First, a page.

Bryony Ladybird and White Bryony

One more thing about identification. I've had problems trying to ID some of the wildflowers I saw in Spain so imagine my surprise to find one plant, that I saw absolutely everywhere there, in the botanical section of my favourite park, the Parc Thabor in Rennes! I love that place as it has just as many labelled 'weeds' and wild plants as cultivated plants, so is brilliant for ID!!

Hoorah, I have an ID!

In pond news I thought the moorhen/s had disappeared yet again, so was pleased to see one start regularly appearing up by the duck shed to help itself to duck food. This must be one that was originally raised here, back again. I don't know that we'll get nesting moorhens again whilst we have four ducks as they seem to put them off, but just to see them makes me happy.

Moorhen taken through the kitchen window

Damselflies have started appearing and I was happy to see this red one several times already, as last year didn't seem a very good year for either Damsels or Dragonflies. I don't recall seeing any red ones at all, so another nice surprise.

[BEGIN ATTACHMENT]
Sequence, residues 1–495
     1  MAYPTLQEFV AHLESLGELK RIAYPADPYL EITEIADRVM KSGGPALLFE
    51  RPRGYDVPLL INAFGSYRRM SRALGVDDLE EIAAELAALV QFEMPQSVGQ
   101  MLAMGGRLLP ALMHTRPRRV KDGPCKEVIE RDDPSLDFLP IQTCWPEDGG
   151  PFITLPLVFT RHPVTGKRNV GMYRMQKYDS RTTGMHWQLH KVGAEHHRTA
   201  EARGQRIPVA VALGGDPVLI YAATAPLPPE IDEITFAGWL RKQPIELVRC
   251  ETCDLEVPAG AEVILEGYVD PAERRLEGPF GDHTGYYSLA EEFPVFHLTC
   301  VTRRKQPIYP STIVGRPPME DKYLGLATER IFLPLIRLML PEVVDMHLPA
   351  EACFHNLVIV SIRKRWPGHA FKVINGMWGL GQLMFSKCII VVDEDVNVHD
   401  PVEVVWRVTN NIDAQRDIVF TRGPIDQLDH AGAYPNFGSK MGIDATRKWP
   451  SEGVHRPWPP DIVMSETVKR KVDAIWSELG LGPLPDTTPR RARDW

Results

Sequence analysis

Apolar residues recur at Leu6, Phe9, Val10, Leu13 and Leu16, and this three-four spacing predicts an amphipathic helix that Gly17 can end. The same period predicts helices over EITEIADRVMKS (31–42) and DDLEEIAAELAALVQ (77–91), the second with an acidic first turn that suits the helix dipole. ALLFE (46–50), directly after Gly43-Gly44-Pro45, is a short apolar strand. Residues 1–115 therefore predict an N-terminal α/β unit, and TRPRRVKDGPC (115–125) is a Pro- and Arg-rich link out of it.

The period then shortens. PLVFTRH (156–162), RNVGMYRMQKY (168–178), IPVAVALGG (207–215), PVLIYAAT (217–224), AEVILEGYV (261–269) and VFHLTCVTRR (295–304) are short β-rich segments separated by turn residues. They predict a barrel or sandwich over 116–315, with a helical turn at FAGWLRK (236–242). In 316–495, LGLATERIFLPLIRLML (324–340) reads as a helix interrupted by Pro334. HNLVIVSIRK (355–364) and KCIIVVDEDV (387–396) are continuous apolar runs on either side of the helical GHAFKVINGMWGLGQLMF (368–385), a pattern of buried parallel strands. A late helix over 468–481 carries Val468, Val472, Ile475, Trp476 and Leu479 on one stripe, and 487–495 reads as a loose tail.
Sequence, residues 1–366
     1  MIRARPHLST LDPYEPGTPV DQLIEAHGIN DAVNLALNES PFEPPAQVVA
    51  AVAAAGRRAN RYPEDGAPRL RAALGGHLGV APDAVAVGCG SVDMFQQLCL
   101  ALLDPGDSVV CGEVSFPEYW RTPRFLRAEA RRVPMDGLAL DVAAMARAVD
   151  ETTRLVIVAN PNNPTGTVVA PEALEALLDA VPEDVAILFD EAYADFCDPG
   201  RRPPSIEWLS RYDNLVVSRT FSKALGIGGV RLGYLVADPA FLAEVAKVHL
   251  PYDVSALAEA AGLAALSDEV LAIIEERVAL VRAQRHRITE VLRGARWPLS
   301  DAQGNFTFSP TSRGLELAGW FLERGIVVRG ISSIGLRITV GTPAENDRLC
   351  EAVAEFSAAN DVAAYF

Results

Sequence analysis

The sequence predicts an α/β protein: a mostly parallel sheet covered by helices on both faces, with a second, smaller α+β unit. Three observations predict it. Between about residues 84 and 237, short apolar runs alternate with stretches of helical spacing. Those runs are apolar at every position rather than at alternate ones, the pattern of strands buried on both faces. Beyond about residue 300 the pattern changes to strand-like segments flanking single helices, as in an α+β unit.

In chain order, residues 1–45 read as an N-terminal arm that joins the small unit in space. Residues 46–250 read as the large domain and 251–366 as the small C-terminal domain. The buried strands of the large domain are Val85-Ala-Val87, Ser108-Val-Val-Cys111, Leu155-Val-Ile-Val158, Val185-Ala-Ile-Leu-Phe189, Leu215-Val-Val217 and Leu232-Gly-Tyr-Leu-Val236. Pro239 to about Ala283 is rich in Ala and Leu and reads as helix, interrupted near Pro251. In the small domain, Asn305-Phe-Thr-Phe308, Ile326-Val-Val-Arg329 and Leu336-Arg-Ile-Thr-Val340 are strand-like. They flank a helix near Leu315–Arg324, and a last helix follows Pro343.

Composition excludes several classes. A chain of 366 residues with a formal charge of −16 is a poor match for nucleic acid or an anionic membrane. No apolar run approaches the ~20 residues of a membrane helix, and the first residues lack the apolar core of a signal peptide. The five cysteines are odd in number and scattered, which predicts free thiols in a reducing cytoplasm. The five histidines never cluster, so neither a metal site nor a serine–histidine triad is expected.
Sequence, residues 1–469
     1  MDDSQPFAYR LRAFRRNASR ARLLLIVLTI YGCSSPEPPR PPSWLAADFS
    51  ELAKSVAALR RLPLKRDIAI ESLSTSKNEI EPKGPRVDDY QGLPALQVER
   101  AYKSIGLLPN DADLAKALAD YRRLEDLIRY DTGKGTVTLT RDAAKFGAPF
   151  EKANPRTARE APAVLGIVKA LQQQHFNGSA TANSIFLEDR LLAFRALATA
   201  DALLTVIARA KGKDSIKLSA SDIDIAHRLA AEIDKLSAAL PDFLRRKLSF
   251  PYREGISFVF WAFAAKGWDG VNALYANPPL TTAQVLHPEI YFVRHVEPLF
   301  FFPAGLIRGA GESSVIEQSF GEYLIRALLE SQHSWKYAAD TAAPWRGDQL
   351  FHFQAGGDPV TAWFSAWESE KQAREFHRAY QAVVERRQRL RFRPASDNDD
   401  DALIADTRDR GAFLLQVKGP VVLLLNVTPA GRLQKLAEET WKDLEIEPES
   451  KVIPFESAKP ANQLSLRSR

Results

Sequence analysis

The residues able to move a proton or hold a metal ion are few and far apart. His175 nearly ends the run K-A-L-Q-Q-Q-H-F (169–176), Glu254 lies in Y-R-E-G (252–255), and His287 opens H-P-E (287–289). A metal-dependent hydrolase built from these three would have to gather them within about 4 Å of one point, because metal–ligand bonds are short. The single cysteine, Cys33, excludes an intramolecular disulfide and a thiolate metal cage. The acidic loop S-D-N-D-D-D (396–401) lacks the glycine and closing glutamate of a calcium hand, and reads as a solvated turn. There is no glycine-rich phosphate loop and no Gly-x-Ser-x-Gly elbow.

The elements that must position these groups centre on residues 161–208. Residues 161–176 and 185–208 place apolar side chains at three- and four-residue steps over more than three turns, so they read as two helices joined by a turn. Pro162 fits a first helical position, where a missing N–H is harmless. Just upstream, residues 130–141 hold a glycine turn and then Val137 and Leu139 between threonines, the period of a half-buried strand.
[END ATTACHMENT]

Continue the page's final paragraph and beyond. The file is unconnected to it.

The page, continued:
Large Red Damselfly (Pyrrhosoma nymphula)

A little somebody who I surprised was this Blue Tit (Parus caeruleus), who has a nest under the roof tiles right near my potting shed/boiler room. I was hoping to get a photo but he/she was somewhat put out by my presence lurking in the doorway, so I had to retreat further in as it wouldn't go into the nest to feed the babies. I just managed to get a capture of it going in before it was out again in a matter of seconds, to search for some more little green caterpillars for the babies. I think they'll be fledging soon as there's quite a racket coming from this nest and they sound quite grown up already.

Blue Tit with caterpillars to feed to its young

Squeezing into the nest under the tiles

I hadn't had a good look around my orchard since coming back from holiday. Whilst I can see that as far as peaches and plums go, the harvest will be iffy, I was very pleased to see lots of pears forming on all three trees, and amazed by just how absolutely loaded all the apple trees are with fruit forming! Looks like it'll be a bumper year for apples.

Apples forming on one of the trees

A final surprise. Guess who got her first ever bee sting? A tiny bumble bee somehow got up my jeans and stung me on my knee, twice! After a lot of hopping about and squealing, when I eventually managed to get out of my jeans, a poor little bee fell onto the floor. It did come back to life after a while, probably a bit shocked and battered, so I put it into a flower bed to crawl off to safety. Well, for someone who encourages bees of all sorts into the garden, it had to happen at some point! :-)